I’ve been thinking over the last few days about behaviour change policy, particularly around the division of responsibility between the government, business, the third sector, and communities.
John Stuart Mill wrote On Liberty in 1859 and argued for the need for the individual, rather than the state, to have sovereignty over himself. His exception to this rule, when people hurt others through their actions, provides the foundation of the harm principle.
148 years later in a speech at the RSA, David Cameron, quoting multiple recent examples of physical assaults, said “My belief in social responsibility is not a laissez-faire manifesto. I believe that government has a vital role to play in changing social behaviour”.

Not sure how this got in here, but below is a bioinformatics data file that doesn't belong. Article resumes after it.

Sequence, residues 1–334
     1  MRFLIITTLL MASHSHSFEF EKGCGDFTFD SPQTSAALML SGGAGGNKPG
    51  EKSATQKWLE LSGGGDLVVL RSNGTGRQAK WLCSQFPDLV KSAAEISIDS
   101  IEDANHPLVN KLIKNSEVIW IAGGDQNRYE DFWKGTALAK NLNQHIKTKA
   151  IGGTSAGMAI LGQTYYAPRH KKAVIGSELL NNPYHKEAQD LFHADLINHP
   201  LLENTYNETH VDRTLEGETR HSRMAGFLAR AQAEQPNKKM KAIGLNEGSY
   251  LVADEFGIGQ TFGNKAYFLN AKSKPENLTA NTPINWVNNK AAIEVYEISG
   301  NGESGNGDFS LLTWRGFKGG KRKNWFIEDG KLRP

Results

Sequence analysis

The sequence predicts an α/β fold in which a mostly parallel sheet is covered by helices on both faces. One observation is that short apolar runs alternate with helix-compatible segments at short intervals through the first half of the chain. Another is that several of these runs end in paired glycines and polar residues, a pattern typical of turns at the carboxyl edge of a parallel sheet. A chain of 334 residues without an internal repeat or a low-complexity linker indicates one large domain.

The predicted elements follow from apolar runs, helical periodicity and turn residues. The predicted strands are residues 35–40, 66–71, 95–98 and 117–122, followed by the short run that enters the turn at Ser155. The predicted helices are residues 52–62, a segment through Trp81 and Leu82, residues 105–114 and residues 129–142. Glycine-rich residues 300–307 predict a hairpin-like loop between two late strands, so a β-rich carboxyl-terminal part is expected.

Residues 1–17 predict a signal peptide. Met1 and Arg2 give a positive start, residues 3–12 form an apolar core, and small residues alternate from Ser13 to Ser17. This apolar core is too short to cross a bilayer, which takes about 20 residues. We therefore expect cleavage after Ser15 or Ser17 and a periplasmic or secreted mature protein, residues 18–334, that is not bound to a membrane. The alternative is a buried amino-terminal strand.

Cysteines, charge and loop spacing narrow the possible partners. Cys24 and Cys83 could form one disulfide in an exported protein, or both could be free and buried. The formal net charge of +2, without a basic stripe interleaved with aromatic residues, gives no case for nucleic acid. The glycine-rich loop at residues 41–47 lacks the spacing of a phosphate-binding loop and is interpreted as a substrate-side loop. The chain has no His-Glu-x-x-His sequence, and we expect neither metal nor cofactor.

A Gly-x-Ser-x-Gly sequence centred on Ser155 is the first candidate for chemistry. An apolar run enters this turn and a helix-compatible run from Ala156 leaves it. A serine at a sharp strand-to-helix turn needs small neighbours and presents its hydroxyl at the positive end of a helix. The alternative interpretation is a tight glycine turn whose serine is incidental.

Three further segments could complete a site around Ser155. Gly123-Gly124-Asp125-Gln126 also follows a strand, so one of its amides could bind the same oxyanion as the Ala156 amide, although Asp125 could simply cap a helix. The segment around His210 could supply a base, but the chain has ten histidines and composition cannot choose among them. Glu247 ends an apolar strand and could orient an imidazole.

It’s not just assault that he’s talking about though. Back to Mill, who also writes:
“No person is an entirely isolated being; it is impossible for a person to do anything seriously or permanently hurtful to himself, without mischief reaching at least to his near connections, and often far beyond them.”
Some behaviours, like assault, directly harm others. But many others harm people indirectly. Wasting energy in your home contributes to anthropogenic climate change. Your unhealthy diet and lack of exercise puts the National Health Service under more stress. Government interest in encouraging behaviour change is more than political rhetoric. There’s a great deal of interest in how behaviour can be effectively influenced.
The (excellent) recent pamphlet by Demos on the politics of behaviour change remarks that:
There is certainly something deeply unusual about a democratic culture in which government becomes preoccupied with altering the behaviour of citizens, rather than vice versa.
These issues are making us re-examine the respective role of government and people. Given that we need to change our behaviour to help tackle large and complicated problems, what’s the right division between government, business, third sector and people?